These teachers think ChatGPT can help them spend less time on writing reports – and more time with their students

  • Schools fear students will use AI to cheat, but some teachers think it’s an asset for educators.
  • Tools such as ChatGPT could help teachers reduce the workload of grading and writing reports.
  • ChatGPT is “going to save teachers a lot of work,” said middle school director Zak Cohen.

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Teachers are tired. They’re still dealing with the educational fallout after the pandemic shuttered many schools and they say they’re working long hours to help students catch up.

Zak Cohen, a middle school director based in Louisville, Kentucky, told Insider: “As a teacher, I am stretched thinner than I have ever been.”

However, he’s feeling positive about the future — partly because of tools such as artificial intelligence chatbot ChatGPT. “This is going to save teachers a lot of work,” he said.

He thinks ChatGPT could help teachers spend less time on tasks including grading papers, writing reports, and responding to emails, and spend more time actually teaching students.

He’s already advising his staff to use ChatGPT to streamline the process of compiling students’ annual reports by writing “templates” and using AI to fill in students’ names and notable achievements.

“My teachers have to write about 200 narrative reports every year,” said Cohen, which takes each one about 30 hours. 

He also thinks ChatGPT could help answer students’ questions and let help teachers “avoid getting bogged down in the infinite loop of late-night email exchanges.”

When it comes to grading — one of the most arduous yet dull tasks for teachers — AI promises “almost instantaneous feedback.” Cohen says this can help them better “understand which assignments are the most challenging” and quickly identify focus areas for further classwork. 

One day ChatGPT might even be able to handle “angry emails” from parents, he adds. 

Ultimately, Cohen told Insider, “ChatGPT has the potential to support teachers’ sanity and protect the sanctity of their time.”

Stephen Lockyer, who’s spent more than two decades as a primary teacher in the UK, echoes Cohen’s optimism.

In recent months, Locker told Insider he’s used a variety of AI tools to support his work.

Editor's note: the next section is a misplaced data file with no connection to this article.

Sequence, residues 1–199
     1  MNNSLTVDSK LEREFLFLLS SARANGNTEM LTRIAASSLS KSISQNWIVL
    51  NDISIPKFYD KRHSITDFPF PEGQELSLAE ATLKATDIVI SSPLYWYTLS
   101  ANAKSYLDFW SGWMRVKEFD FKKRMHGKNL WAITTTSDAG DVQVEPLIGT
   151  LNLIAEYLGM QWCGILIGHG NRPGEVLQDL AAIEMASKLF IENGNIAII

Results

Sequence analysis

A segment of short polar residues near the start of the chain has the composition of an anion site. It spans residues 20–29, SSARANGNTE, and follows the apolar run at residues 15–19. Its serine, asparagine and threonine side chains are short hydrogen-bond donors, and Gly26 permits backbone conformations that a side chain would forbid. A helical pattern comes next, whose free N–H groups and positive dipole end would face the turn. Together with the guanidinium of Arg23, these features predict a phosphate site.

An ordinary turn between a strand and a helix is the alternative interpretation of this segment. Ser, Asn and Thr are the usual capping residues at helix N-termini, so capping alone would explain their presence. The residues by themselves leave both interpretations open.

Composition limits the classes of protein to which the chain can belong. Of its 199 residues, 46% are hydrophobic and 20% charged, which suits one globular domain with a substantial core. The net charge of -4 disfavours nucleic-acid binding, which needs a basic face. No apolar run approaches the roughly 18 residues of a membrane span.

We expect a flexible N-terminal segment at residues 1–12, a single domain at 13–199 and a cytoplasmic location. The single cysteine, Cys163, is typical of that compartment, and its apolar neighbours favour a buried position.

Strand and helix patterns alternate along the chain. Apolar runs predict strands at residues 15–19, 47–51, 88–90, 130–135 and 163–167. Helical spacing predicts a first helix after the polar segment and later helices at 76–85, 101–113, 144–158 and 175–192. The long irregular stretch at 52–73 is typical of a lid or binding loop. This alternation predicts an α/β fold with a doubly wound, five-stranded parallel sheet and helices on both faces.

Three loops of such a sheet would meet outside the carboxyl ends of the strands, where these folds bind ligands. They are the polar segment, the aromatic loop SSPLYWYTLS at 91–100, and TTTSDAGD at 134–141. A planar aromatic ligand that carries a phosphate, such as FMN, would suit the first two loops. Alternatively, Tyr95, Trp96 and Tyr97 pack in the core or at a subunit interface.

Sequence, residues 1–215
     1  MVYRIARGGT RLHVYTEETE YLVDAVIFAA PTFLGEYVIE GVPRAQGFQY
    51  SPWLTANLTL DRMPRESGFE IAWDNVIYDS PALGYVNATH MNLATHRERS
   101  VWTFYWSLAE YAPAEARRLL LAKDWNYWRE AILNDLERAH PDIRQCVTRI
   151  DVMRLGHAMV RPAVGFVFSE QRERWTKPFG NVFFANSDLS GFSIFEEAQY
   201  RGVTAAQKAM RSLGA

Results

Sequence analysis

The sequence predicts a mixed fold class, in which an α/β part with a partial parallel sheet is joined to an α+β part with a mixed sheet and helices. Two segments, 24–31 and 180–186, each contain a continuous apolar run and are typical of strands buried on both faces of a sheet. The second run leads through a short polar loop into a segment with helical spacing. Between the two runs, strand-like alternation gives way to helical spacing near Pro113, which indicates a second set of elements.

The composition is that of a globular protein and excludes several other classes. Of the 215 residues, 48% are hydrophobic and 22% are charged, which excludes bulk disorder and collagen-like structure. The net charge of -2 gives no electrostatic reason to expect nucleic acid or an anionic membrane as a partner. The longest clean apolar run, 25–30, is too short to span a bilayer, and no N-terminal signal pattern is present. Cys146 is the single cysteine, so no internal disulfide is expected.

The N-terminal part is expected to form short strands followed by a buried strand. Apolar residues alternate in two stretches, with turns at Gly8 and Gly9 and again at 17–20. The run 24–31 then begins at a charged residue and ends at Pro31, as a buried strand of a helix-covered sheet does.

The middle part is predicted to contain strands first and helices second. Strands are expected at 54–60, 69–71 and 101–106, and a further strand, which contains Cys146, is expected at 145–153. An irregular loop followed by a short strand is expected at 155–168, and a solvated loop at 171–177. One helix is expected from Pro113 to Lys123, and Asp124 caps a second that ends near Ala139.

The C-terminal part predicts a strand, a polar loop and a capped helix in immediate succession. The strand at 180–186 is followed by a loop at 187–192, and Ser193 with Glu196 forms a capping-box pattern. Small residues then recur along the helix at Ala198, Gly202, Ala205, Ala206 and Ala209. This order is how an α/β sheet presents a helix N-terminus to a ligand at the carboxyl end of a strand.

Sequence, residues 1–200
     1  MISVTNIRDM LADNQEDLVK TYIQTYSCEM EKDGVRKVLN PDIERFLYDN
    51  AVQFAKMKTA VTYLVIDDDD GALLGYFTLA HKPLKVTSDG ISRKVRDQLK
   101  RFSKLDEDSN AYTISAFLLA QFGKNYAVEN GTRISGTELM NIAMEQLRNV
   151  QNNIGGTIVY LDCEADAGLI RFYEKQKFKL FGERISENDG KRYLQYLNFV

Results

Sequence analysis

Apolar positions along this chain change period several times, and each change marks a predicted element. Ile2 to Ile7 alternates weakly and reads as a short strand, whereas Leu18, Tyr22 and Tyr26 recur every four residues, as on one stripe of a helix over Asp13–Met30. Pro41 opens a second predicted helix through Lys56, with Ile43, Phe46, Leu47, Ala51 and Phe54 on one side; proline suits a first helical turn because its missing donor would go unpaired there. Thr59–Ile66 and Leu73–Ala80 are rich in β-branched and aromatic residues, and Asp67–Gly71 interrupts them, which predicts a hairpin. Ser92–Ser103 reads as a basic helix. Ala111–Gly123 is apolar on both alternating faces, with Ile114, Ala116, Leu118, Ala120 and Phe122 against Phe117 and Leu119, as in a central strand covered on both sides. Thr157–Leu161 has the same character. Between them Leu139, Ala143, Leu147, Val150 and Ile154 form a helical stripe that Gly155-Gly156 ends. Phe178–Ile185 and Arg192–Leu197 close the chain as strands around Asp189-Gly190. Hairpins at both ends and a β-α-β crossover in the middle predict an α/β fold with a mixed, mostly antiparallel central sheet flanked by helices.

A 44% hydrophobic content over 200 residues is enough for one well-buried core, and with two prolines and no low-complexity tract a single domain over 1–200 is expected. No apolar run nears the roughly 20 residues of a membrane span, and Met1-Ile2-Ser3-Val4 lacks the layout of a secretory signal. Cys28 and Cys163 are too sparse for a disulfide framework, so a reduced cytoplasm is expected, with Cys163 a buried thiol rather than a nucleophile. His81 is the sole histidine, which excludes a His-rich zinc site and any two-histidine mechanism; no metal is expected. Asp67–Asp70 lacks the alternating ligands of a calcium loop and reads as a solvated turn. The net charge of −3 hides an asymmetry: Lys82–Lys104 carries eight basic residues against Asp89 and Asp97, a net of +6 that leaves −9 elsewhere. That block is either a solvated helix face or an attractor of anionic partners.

He turned to controversial image-generator DALL-E, for example, to generate “enigmatic” learning aids. For a recent history class, he used the tool to create modern-day mugshots of King Henry VIII’s six wives.

He also shares Cohen’s hope that ChatGPT could cut out some of teachers’ boring backend work. “There’s an awful lot of paperwork involved in teaching,” Lockyer said. “I want to work as smart as possible, not as hard as possible.”

He recently used ChatGPT to generate lesson plans for a project on volcanoes. Lockyer thinks these plans, which took “less than a minute” to generate, would offer a “gigantic jumping-off point” that could eventually save hours of teachers’ time. 

—Stephen Lockyer (@mrlockyer) December 31, 2022

Lockyer also trialed the tool to automatically produce practical tasks and handouts for his students — including short questions about reading assignments designed to test comprehension.

Not everyone is as convinced about as Lockyer and Cohen, however. Some fear that the rise in artificial intelligence could make cheating easier — and New York City’s education department has already banned access to ChatGPT on all its networks and devices, Chalkbeat New York reported.

But Lockyer thinks educational leaders should “experiment a little bit” with ChatGPT to look for its positive potential. Used smartly, he thinks it could “get rid of the senseless grind” and allow teachers to spend more time with their students.

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sstacey@insider.com Stephanie Stacey